Elizabeth Whittaker, the principal of Merge Architects, doesn't take rejection personally. Working in Boston—a city that has historically lacked an appetite for contemporary architecture—Whittaker is constantly told "It can't be done." So she and her staff of four often take matters into their own hands.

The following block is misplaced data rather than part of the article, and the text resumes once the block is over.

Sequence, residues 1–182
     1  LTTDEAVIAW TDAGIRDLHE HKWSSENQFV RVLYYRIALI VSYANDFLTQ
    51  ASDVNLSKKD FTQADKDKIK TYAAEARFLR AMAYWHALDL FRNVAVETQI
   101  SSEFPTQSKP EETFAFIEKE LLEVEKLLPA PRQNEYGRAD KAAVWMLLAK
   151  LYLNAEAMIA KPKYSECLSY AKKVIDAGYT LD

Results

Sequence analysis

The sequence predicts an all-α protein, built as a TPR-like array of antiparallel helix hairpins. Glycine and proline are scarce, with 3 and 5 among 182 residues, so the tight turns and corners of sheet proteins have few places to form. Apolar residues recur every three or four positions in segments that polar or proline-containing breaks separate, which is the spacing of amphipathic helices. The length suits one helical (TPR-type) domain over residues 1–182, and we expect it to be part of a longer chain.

One recent project—a 2,800-square-foot, state-of-the-art orthodontics clinic in Waltham, Massachusetts—is a case in point. The project involved a complicated gut renovation of a crumbling 100-year-old warehouse building. When the general contractor looked at the drawings for the centerpiece of the design—a curving 20-foot-high translucent wall made of wood and polycarbonate—he balked. "He said, 'There's no way I can do this; we don't have the budget,' " Whittaker recalls. "But, when I got up on a ladder, I realized we could make it happen." After the pieces were fabricated off-site, she and her staff borrowed the contractor's equipment and spent a few weeks installing the wall themselves.